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Upskilling Analysts to Data Engineers with The Software Guild

Imogen Crispe

Written By Imogen Crispe

Last updated on June 26, 2019

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The Software Guild teaches data engineering courses for business analysts at companies that want to analyze a wider variety of data. Could data engineering be the next skill you need in your skillset? Software Developer Jonathan Frazier and Data Scientist Haythem Balti, both instructors at The Software Guild, explain the difference between data science and data engineering, and what outcomes they see from employees who have taken their data engineering course.

Meet Jonathan and Haythem

Haythem Balti

  • Joined The Software Guild in 2017 to help implement training programs in data engineering, data science, machine learning, and enterprise software development with Java.
  • Has a PhD in computer science.
  • Has experience working with big data, machine learning, artificial intelligence, and using those techniques to analyze data and make intelligent computer systems.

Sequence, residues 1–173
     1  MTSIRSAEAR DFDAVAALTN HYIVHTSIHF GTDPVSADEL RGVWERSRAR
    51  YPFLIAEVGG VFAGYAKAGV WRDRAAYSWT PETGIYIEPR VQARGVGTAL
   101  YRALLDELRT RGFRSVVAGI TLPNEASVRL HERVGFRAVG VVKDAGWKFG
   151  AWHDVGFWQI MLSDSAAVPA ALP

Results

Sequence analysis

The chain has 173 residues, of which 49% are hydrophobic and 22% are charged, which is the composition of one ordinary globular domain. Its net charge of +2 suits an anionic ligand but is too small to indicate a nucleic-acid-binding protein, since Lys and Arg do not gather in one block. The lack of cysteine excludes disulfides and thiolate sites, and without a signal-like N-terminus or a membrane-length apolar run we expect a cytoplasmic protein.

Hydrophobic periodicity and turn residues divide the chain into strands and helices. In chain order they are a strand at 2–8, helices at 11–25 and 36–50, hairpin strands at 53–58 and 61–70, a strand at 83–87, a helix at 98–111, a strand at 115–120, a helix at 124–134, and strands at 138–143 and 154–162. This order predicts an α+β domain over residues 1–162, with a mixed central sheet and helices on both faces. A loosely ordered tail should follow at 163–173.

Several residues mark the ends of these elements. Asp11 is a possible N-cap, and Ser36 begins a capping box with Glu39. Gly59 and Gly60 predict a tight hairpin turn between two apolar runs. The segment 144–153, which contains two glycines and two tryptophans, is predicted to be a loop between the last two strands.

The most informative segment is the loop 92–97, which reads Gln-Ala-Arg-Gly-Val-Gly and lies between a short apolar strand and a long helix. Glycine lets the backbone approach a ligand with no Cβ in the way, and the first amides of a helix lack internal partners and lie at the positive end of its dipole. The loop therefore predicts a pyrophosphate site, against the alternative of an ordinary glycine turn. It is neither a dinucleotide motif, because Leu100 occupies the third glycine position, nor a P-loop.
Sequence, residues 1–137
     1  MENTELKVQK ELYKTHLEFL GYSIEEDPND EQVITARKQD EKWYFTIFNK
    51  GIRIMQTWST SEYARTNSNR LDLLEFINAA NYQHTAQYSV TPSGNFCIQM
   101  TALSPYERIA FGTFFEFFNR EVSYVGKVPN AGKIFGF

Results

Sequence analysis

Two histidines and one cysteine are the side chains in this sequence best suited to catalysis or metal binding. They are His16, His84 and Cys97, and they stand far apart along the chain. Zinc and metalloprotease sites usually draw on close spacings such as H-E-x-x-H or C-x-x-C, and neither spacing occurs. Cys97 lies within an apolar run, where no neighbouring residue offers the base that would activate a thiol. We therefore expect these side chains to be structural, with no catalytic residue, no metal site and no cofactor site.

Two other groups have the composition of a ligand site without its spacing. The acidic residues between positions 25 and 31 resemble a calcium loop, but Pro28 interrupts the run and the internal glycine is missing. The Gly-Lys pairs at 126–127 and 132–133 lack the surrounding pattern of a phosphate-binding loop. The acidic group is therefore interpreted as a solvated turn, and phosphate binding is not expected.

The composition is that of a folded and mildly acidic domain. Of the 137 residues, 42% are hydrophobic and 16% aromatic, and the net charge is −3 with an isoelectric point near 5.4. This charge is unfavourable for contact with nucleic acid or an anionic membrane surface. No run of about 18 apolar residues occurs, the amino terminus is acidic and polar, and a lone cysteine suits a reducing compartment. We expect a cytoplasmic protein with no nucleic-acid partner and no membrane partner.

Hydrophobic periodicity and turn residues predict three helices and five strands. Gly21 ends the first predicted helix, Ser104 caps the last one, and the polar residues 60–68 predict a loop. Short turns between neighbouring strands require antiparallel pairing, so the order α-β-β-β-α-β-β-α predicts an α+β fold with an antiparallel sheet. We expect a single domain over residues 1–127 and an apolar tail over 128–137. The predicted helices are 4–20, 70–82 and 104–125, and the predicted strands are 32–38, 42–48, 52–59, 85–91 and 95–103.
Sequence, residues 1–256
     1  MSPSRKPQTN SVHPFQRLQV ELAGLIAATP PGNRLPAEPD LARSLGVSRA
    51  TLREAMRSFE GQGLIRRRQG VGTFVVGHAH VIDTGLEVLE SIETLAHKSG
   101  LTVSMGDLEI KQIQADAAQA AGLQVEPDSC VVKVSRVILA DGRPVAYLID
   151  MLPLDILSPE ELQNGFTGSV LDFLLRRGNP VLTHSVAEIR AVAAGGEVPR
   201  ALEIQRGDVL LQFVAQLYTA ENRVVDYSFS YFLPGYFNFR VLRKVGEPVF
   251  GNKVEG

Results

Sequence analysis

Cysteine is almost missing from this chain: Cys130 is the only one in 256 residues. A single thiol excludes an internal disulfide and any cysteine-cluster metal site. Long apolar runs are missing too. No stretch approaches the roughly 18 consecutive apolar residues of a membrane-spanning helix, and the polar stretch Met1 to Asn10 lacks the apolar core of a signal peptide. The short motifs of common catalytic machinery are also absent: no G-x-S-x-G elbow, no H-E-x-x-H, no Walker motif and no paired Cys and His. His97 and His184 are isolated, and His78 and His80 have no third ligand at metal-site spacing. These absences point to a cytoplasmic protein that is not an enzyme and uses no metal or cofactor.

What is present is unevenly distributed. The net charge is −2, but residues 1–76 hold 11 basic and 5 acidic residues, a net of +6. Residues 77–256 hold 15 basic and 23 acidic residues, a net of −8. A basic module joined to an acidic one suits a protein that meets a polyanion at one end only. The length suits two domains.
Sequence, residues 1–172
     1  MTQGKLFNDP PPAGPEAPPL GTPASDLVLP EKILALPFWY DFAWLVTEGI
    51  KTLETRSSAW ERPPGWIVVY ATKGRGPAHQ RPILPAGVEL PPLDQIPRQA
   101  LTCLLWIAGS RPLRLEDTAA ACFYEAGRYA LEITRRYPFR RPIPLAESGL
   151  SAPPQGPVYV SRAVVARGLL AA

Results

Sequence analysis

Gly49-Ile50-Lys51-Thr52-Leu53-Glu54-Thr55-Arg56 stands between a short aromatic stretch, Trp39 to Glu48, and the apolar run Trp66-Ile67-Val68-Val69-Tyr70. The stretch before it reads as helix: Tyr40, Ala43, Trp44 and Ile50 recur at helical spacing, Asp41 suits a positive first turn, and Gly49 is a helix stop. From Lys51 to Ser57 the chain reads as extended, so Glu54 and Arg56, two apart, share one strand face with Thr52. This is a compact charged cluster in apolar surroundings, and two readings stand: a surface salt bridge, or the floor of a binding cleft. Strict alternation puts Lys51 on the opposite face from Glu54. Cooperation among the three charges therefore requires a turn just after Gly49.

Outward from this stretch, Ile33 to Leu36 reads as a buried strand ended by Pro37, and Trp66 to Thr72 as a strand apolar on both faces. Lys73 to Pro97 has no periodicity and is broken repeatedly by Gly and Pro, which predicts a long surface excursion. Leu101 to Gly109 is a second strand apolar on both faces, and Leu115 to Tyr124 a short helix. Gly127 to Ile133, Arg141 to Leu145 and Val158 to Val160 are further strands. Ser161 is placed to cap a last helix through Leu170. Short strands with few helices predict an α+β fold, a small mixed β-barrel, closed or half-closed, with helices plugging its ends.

• Worked in the insurance industry using data for business intelligence.
  • Started an in-house data training program to upskill software developers at his previous company.

Jonathan Frazier

  • Started at the Software Guild as an instructor in 2018 and helps develop curriculum for various topics including software development, full stack web development, data engineering, and Python.
  • Graduated from MIT where he studied political science and economics and got into data analysis from the research perspective.
  • Worked in data analysis jobs in the tech industry, and for ad tech companies as an analyst database engineer and back end developer, with exposure to data pipelines.
  • Worked for a lot of startups and developed my skills as a software developer. 

How do you work with companies?

Haythem: Usually, when we start working with a company, we try to identify the skill gaps and where we can actually add value to the employees by reskilling or upskilling.

Jonathan: One important part of the process is gathering requirements to understand the individual needs of that company. We try to customize the material towards the needs of specific client, and towards the level of the students.

What kinds of companies need data engineering skills?